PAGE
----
Tuesday, April 30, 2013
When I Grow Up...I want to be a..... (insert a high profile career)
when you grow up?"*
This is my all time favorite question and whenever I am with some young
ones (yes, younger than me) I ask them what their future ambitions are.
And it is beautiful to hear things like : Neurosurgeon, Political
Scientist, Architect, Lawyer, Doctor, Banker, Dentist, Judge, Business
Manager... and yes, nowadays in Kenya with the numerous strikes Teachers
have gone on- very few kids want to be Teachers. They do not want to slave
when they ought to be paid their wages. I wonder though if they have lost
focus on Medics because last I checked they have been on the streets
chanting *"haki yetu"* the same number of times Teachers have- I mean
doesn't three times in ten months count?
But- if you are reading this and are clearly above 20 years- answer this: *when
I was young I always wanted to be a -__________ when I grew up. Now that I
am growing and still learning, am I on the right track to be that?*
And if you fill in the blank and the second statement does not concur with
the first- well, congratulations you are grown up!
So what happened?
When I was growing up before class 3, I used to say I wanted to be a
Doctor. Then when I lost my Dad- I figured at times kids needed people to
listen to them and learned that there are special people like
Psychologists, Counselors who do just that and my Mom and Sister supported
me all through till I did get what I want. And when I look back at it- I am
grateful because I was never perfect in Science! I did ace my Sciences at
KCSE, but it was never good enough to get me a direct entry into the
university- talk of missing the cut off mark by one point!
But, our environment has a lot to do with our world view. Parents have a
lot more because they tell their children that they need an education to
get a job, make a living and all. They say education is the key. But if you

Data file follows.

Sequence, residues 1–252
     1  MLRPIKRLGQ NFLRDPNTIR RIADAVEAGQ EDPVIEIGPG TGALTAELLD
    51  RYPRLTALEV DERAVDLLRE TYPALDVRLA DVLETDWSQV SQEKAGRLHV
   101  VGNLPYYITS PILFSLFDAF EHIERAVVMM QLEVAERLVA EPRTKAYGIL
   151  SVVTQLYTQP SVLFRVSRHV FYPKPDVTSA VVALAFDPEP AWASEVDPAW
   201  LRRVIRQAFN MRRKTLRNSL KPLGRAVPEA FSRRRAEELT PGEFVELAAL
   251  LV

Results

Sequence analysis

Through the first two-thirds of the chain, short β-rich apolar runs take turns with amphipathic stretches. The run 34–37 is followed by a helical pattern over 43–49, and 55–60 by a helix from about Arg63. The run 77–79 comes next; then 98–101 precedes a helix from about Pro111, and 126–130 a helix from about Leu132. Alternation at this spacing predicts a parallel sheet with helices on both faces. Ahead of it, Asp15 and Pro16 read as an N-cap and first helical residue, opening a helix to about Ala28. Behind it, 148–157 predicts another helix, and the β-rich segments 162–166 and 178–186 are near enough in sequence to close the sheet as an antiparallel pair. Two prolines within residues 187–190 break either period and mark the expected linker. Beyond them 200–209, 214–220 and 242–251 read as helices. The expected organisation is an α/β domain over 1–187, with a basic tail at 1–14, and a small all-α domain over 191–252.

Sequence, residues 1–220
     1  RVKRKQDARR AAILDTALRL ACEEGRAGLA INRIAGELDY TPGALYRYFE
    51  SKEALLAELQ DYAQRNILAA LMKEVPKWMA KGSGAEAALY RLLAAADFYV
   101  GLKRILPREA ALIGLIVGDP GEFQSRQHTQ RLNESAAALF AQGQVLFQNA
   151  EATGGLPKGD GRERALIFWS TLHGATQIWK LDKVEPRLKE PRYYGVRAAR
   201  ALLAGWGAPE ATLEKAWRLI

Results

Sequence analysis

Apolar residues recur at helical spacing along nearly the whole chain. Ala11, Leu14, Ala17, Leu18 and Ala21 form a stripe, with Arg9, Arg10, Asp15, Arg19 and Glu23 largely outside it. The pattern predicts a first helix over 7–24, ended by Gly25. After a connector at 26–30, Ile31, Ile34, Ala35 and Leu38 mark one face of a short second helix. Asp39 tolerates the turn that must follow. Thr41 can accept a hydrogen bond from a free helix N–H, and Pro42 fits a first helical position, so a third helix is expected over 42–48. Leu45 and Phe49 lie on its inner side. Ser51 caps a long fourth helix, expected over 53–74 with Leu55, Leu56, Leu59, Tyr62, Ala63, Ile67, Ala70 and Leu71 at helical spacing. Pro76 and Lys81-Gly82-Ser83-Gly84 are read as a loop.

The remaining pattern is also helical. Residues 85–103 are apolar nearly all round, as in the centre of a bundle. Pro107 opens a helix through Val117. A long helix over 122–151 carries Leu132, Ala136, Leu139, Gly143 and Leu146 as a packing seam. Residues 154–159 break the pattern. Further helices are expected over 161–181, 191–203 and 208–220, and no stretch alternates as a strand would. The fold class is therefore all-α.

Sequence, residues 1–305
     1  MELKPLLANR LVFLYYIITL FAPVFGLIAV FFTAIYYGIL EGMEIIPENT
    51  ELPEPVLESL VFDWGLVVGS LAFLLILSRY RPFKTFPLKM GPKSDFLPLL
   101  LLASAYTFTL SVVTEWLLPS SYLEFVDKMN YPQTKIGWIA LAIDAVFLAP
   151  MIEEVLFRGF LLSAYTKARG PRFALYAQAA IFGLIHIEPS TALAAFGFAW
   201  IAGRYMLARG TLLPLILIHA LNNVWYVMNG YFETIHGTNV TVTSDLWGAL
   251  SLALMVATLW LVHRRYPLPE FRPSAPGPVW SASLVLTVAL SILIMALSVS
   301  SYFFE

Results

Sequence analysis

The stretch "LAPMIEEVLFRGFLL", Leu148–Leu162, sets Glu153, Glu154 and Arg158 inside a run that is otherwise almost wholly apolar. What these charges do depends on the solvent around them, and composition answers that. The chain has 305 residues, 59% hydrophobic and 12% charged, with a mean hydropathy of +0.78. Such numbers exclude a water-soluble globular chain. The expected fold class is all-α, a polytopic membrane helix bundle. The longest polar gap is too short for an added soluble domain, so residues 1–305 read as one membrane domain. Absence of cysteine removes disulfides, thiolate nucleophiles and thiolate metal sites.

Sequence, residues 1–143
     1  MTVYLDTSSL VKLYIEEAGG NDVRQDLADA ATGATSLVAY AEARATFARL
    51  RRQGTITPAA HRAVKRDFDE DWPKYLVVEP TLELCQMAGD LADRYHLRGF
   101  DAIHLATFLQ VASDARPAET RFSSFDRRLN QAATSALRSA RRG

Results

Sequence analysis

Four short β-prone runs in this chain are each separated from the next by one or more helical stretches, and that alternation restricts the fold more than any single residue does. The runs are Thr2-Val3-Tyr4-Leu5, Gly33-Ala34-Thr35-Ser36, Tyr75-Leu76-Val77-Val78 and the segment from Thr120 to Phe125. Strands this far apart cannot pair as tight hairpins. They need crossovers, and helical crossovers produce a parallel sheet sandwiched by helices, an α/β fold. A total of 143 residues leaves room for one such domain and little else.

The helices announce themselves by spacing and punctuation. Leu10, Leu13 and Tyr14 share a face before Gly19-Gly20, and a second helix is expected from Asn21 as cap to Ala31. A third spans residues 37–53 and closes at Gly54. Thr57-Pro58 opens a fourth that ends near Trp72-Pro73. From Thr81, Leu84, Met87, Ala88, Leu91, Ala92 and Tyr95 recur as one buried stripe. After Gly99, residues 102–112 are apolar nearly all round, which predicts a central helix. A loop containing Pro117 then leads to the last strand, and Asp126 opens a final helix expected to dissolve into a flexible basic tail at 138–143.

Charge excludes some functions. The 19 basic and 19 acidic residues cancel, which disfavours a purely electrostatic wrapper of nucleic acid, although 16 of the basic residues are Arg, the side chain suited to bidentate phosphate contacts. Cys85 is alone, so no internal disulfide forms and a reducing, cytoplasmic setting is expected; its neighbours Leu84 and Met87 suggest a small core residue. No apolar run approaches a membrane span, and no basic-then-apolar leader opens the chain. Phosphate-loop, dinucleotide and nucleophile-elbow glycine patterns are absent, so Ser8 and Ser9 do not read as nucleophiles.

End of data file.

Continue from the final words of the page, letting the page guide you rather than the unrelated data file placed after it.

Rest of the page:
look at it, education has been more of a key while the schools have been
locks. Some school systems have locked creativity- demanding that pupils
think outside the box, then grading their work on their own perspective
thus limiting them within a box.
But, though this happens very few in Kenya have failed to study the Arts-
why do pupils who are in drama clubs deemed most popular? Why do students
engage in extra-curricular activities best as opposed to academia?
I will shed more light on these questions as we proceed- but the thing
about dreams is that some are realistic and others are squashed. If you
meet a young student who wants to be a neurosurgeon- tell them they
need to attain an average of A grade- that in doing so they would
secure a slot
in the public university to study this. They also need to ensure that their
parents are willing to cover their tuition and sustenance for 6 years, and
that when they graduate- they should consider applying for internship in
either Israel or India- because the best neurosurgeon undergraduate trainee
programmes are there- and they could work abroad because though Kenya needs
more neurosurgeons- the pay is little and what they will end up getting is
a quarter of their salary given that they will be paying off their student
Yeah- that's a mouthful of the facts, but one thing stays true- if you have
a dream you have every right to go after it. You have to work hard to
achieve it- and if you seem to fail, do not blame it on anyone because the
moment you start blaming you forget to appreciate yourself for the effort
you put into chasing that dream.
So you wanted to be a Doctor, but you are a sales marketer- big deal!
So you wanted to be an air hostess but you are a receptionist- big deal!
Big deal because you are doing something you did not expect but one way or
another- in your life you created room for it, so if you are a sales
marketer- be the best around, and save for extra studies to become a Doctor
if you want to.
Do not be complacent- get moving.
*PS: Who was ever told to read Think Big by Ben Carson?*
How can one change the world if one identifies oneself with everybody?